Choosing a Therapist | Health Eagle

Choosing a Therapist

by Jessica B. January 15th, 2021 | Mental Health
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therapyThe key to successful mental health treatment can be choosing the best therapist for you. This is not an easy task, but having a therapist you feel comfortable with can really make a difference in your treatment. Here are a few tips for choosing a therapist that can provide you with what you need.

1) Covered by insurance – If cost is an issue, your starting point for choosing a therapist should always be your insurance list of providers. If cost is not an option, you have a broader scope to choose from.

2) Title – Therapists have a multitude of titles, from MSW, CSW, Psychologist, PhD, to Psychiatrist, the list goes on and on. The title may affect the amount of insurance you get to cover your visits, but otherwise is not of the utmost importance. If you are considering being on medication, you will eventually need to consult with a psychiatrist or medical doctor, but most should not be your primary therapist. Make sure, however, that your therapist is licensed in your state and has a degree.

3) Recommendations – You may want to ask around or check on the Internet on the reputations of different therapists, but do not get caught up in what others have to say, unless there are multiple warning signs. Your relationship with the therapist is always completely unique.

4) Book a first session – Narrow down your list to providers that specialize in the area you need assistance with, including depression, addiction, relationships, etc., and book a session. Sit down with the therapist to discuss your personal issues and concerns. The key issue from the first session is that you begin to feel comfortable with this person, and you feel this individual is someone you can trust and respect. Do not expect too much at first. A good therapist may challenge you at times, and the work can be hard, but during a first session, you should be able to discover if you are able to build a connection with the therapist or if things just feel awkward. If things feel awkward, try a different therapist. Determine if you are feeling awkward in the new situation, or with the therapist.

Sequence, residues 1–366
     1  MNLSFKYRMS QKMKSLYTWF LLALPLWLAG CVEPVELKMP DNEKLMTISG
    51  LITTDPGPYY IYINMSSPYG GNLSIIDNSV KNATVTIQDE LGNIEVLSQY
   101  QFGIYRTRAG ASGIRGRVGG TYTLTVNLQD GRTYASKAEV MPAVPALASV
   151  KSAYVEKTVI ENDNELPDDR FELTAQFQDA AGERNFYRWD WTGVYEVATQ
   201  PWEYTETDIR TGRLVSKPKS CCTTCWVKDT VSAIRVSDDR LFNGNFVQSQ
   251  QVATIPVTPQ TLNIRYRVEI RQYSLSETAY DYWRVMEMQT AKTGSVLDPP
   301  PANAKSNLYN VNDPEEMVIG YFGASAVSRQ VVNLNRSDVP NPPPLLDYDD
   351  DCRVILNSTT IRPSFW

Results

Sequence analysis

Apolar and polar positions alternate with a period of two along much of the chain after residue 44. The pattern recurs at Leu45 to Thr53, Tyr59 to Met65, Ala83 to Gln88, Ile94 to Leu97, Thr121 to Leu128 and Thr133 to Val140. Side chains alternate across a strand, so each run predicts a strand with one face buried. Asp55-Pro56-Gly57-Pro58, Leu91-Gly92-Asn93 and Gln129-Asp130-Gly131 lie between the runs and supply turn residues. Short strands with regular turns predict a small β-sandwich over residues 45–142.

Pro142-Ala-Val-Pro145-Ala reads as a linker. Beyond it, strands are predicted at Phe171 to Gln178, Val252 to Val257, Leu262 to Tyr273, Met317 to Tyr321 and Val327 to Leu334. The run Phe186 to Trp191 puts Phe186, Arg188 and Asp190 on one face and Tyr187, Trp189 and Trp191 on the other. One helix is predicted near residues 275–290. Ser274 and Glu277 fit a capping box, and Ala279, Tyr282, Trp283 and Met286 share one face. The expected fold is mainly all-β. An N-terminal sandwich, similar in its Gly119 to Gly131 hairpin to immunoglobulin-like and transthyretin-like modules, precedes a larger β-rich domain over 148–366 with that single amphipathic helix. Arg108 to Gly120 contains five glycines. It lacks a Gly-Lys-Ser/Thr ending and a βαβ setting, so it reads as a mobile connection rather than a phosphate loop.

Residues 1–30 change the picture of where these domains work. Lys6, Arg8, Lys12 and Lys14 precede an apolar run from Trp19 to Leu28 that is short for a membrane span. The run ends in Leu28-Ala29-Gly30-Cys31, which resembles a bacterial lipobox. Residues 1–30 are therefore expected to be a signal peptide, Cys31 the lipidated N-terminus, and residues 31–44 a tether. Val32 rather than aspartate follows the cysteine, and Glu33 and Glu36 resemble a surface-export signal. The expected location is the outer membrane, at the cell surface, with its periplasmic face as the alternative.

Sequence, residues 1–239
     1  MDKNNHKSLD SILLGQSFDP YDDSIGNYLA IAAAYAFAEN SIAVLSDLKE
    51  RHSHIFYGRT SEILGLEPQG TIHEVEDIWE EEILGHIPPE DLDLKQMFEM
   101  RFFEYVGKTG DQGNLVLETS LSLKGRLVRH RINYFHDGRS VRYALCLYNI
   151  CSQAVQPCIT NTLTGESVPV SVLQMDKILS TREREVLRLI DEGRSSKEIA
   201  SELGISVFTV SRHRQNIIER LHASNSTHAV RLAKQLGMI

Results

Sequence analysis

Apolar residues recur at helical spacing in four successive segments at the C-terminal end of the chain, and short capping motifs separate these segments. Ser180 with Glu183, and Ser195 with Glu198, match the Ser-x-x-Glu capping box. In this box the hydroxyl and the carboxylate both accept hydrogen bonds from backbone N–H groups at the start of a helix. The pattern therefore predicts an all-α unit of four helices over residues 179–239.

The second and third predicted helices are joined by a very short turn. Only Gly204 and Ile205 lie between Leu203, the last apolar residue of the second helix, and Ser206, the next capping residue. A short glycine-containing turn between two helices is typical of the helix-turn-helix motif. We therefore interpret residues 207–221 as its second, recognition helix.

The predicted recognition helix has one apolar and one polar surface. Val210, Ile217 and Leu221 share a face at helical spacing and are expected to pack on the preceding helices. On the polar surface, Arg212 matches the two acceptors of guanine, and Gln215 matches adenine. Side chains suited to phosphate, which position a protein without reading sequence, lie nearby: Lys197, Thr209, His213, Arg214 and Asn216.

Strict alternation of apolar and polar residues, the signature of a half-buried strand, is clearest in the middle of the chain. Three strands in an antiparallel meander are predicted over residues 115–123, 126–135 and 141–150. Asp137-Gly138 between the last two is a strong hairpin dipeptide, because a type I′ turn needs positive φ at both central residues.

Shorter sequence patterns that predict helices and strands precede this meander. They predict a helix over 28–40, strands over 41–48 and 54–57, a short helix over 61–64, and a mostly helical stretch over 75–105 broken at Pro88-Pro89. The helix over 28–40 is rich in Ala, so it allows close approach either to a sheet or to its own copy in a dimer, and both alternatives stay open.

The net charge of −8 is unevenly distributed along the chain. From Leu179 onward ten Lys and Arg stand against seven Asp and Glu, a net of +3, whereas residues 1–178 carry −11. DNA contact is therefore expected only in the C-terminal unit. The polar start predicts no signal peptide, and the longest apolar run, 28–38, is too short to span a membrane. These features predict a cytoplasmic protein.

5) Express your concerns – If you do not agree with something the therapist says, ask him or her to explain further. Sometimes it is good to get an alternate opinion, other times you just have a difference of opinion that may divide the relationship. This is something you should do a few sessions down the line, if you like your therapist, but disagree with a suggestion or technique.

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All health and medical information is provided for educational purposes and is not meant to replace the medical advice or treatment of your healthcare professional.